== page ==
The Carbon Offsetting and Reduction Scheme for International Aviation (CORSIA) was developed by the member countries of the United Nation’s International Civil Aviation Organization (ICAO) and adopted in 2016 to help curb global aviation’s impact on climate change. CORSIA was created as an international effort to reduce greenhouse gases (GHGs) from the international aviation sector. CORSIA pertains only to GHGs from international flights, as these particular emissions are not included in the United Nations Framework Convention on Climate Change (UNFCCC). Domestic aviation emissions, which account for roughly one third of all global aviation emissions, are covered in the UNFCCC.
Overall, airplanes are responsible for about 2% of global carbon dioxide emissions and release other gases and water vapor that, at high altitudes, heat the planet even more than carbon dioxide. The total global emissions of 2% can be broken down to approximately 0.7% for domestic flights and 1.3% for international flights.
Unlike other polluting activities, such as from energy production, automobiles, and agriculture, there are not many technologies for “clean flying”. Instead, the ICAO is relying on the market-based CORSIA scheme, along with low-carbon fuels and innovations in plane design and air traffic management, to keep net aviation-related emissions carbon-neutral as the global aviation sector grows.
Airlines and other aircraft operators that are subject to offsetting requirements includes all aircraft operators, including large passenger airlines, cargo airlines, and business aviation. In most cases, owners of private aircraft are exempt to these offsetting requirements.
CORSIA is structured to cap aviation GHGs starting in 2021 through 2035 at the same levels emitted in 2019, or the “baseline”. Aircraft operators with international flight emissions greater than 10,000 metric tons of CO2e annually (calculated formulaically, using fuel consumption) report their emissions to their national authority. Governments then work with ICAO to inform operators of the number of offset credits they need.
|Voluntary (2021-2026)||329 million metric tons CO2e|
|Mandatory (2027-2035)||475 million metric tons CO2e|
(Source: Deutche Welle)
When GHG emissions exceed the 2019 baseline, airlines can purchase eligible emission units (EEUs) from a program that meets compliance under their CORSIA obligations. As of November 2021, the ICAO Council has approved eight carbon offset programs to offer EEUs that meet the CORSIA criteria:
(1) American Carbon Registry (ACR)
(2) Architecture for REDD+ Transactions (ART)
(3) China GHG Voluntary Emission Reduction (VER) Program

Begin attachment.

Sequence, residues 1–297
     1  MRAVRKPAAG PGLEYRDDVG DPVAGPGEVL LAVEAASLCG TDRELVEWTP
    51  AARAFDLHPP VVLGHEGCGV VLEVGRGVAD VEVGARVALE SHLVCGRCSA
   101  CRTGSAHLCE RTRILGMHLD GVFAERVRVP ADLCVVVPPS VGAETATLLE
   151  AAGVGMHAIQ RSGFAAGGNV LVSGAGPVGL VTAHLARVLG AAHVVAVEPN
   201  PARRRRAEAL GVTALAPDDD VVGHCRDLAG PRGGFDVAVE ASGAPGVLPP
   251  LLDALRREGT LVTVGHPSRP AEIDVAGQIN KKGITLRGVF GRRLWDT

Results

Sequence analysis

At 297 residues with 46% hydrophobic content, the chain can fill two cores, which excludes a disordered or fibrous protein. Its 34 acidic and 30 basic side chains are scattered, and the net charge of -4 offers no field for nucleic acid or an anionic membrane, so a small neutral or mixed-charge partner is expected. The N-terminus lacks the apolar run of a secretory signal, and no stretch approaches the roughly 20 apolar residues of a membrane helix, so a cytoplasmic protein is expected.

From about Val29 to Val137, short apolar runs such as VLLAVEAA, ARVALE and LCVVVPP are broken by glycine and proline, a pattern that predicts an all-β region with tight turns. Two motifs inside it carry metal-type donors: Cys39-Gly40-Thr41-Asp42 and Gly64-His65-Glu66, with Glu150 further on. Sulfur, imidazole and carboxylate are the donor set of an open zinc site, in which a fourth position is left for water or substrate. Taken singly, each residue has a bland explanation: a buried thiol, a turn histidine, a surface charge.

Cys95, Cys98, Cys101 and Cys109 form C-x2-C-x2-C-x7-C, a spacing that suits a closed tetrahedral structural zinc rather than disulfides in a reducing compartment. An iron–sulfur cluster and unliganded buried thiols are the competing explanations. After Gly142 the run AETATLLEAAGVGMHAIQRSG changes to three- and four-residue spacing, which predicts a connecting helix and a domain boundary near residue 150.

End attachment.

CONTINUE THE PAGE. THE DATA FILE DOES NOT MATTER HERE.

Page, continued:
(4) Clean Development Mechanism (CDM)
(5) Climate Action Reserve (CAR)
(6) Global Carbon Council (GCC)
(7) The Gold Standard
(8) Verra’s Verified Carbon Standard (VCS)
Two of the more transparent and publicly traded carbon credit vehicles, the CME’s GEO and N-GEO futures contracts, both meet the ICAO’s criteria for eligibility and can be used by airlines to comply to CORSIA requirements. Currently, the CME’s new C-GEO futures contract does not qualify for CORSIA purposes.
CORSIA also allows airlines to meet its offsetting requirements using CORSIA eligible fuels, such as CORSIA sustainable aviation fuels and lower carbon aviation fuels. CORSIA sustainable aviation fuels are renewable or waste-derived aviation fuels, whereas lower carbon aviation fuels are fossil-based aviation fuels. Both types of fuels must meet their respective CORSIA Sustainability Criteria.
CORSIA is structured with three phases: two initial, voluntary phases (2021-2023 and 2024-2026) and a mandatory phase that commences in 2027 and goes through 2035.
It is estimated 2.5 billion carbon offsets will be needed between 2021 to 2035 for the airlines to comply with CORSIA.
Countries that represent most of the global aviation activity (107 countries, 88% of international flights) have volunteered. However, some of the countries that have not opted into the voluntary phase include China, Russia, India, and Brazil. All will join the mandatory phase of the program in 2027. Countries that do not have domestic aviation operations with international flights but nevertheless have international flights in and out of their nation are also encouraged to join as this will add those routes operated by foreign operators, thus increasing the overall emissions coverage of CORSIA.
During the initial phases, CORSIA only applies to international flights between countries that have volunteered to take part. International flights to and from countries (one or both) that have not volunteered will be exempt during this period. During the mandatory stage, CORSIA will cover all international flights, with a few exceptions (the only exemptions after 2027 will be those to and from countries with low aviation activity or classified as "Least Developed", "Small Island Developing", or "Landlocked Developing"). Every three years, starting in 2025, aviation operators will have to acquire and retire the number of EEUs that match their offsetting obligation for the relevant compliance period.
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